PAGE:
The Role of the International Monetary Fund in the Post-Crisis World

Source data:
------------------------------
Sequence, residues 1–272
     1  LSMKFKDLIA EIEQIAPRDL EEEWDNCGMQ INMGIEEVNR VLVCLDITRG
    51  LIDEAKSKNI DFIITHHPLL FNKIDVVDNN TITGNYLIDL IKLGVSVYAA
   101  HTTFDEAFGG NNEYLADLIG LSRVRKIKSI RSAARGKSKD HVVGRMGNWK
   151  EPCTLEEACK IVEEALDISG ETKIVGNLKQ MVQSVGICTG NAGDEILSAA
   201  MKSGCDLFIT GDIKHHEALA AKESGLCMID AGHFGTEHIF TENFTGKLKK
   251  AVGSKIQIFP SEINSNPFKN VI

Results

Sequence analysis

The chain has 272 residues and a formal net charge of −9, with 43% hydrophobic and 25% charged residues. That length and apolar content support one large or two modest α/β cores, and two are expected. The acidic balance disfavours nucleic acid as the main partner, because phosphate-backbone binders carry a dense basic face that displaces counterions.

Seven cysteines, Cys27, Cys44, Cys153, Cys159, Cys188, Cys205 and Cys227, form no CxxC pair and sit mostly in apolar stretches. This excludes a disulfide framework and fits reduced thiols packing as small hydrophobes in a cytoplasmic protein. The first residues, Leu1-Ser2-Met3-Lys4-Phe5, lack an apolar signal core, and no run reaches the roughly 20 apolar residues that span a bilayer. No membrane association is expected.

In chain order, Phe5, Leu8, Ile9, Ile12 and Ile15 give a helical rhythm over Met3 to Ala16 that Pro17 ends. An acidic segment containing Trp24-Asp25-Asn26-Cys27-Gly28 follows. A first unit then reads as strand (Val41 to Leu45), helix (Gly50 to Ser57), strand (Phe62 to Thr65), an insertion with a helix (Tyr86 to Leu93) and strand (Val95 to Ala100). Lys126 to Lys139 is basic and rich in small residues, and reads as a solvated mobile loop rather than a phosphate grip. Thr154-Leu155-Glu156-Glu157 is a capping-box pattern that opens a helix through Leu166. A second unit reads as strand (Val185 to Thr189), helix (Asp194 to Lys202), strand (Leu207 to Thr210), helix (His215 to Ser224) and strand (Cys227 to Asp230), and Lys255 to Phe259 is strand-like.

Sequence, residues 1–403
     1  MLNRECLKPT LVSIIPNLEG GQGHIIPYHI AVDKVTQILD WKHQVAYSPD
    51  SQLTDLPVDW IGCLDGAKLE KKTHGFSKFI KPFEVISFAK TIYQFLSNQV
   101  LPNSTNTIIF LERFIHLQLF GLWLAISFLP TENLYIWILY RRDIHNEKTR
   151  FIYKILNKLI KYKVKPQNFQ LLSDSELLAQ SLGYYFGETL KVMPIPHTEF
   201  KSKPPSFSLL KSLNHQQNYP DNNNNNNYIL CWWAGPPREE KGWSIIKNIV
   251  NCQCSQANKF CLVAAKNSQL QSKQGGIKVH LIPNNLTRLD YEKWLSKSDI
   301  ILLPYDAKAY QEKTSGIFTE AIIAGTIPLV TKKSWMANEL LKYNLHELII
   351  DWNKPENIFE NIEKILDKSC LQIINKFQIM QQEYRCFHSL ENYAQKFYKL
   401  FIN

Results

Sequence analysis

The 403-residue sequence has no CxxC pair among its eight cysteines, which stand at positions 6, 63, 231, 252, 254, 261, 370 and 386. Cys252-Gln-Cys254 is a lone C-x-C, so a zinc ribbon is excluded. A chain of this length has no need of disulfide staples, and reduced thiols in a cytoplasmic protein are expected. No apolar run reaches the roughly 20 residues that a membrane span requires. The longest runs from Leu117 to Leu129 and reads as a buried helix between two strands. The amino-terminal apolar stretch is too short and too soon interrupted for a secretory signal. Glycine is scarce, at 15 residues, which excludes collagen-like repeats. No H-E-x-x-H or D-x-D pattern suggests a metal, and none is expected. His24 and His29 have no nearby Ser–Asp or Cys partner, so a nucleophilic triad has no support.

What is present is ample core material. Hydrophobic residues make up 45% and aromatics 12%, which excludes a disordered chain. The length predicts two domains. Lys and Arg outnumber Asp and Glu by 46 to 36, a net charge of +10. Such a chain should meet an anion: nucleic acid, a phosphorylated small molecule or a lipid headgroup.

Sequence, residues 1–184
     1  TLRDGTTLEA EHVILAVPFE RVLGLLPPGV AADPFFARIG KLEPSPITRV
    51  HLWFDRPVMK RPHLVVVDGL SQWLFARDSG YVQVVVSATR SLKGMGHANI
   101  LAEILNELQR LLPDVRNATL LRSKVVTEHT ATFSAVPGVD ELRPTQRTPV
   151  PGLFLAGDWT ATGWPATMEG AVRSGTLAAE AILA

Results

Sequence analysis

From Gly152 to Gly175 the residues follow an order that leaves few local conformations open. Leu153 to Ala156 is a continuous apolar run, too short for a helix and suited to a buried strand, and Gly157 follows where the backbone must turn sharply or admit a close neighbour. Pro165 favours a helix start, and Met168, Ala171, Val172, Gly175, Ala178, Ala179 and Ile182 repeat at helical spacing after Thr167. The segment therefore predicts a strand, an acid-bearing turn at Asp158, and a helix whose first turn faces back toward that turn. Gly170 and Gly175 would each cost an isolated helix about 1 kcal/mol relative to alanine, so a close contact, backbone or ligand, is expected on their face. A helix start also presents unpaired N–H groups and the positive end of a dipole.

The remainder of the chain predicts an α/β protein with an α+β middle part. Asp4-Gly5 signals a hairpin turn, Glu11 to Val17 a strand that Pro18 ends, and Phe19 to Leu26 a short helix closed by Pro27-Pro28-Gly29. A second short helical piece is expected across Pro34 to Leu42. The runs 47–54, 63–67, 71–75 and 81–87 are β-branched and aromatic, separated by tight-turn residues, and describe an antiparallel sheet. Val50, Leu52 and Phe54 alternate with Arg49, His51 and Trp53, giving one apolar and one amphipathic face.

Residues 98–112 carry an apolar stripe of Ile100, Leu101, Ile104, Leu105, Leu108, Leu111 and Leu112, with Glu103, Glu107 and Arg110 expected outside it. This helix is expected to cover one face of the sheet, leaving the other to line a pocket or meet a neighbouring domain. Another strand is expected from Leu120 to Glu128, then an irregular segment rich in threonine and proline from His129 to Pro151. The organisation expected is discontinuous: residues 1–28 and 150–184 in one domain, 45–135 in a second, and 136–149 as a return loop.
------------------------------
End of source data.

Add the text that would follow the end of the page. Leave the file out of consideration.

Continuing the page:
The International Monetary Fund (IMF, or the Fund) has undergone a number of significant policy changes and reforms in the wake of the global financial crisis. Most notably, in December 2015, the United States approved long-delayed legislation to increase the representation of developing countries in the Fund’s governance structure. The vital progress on quota shares has finally allowed for a resumption of wider and increasingly critical discussion of the strategic role of the IMF in the post-crisis world. This paper aims to relaunch the debate by assessing the recent reforms and changes, identifying areas where progress is still needed and proposing solutions. Our findings suggest that, while much has been accomplished by the Fund’s management and staff since the global crisis, there is still a pressing need for member countries to push for further reforms if the IMF is to remain a relevant player in the rapidly evolving global economic and financial system. Emerging-market economies remain under-represented at the Fund and continue to perceive the IMF as biased against them, undermining the influence of its advice, despite the increase in their quota share and changes to improve the quality, efficiency and even-handedness of the IMF’s surveillance and lending. In advanced economies, where the Fund has traditionally had little traction on national policies, the institution faces the challenge of managing and communicating its independence in programs involving large shareholders. We propose reforms aimed at improving country representation, granting the IMF real operational independence and enhancing its catalytic role.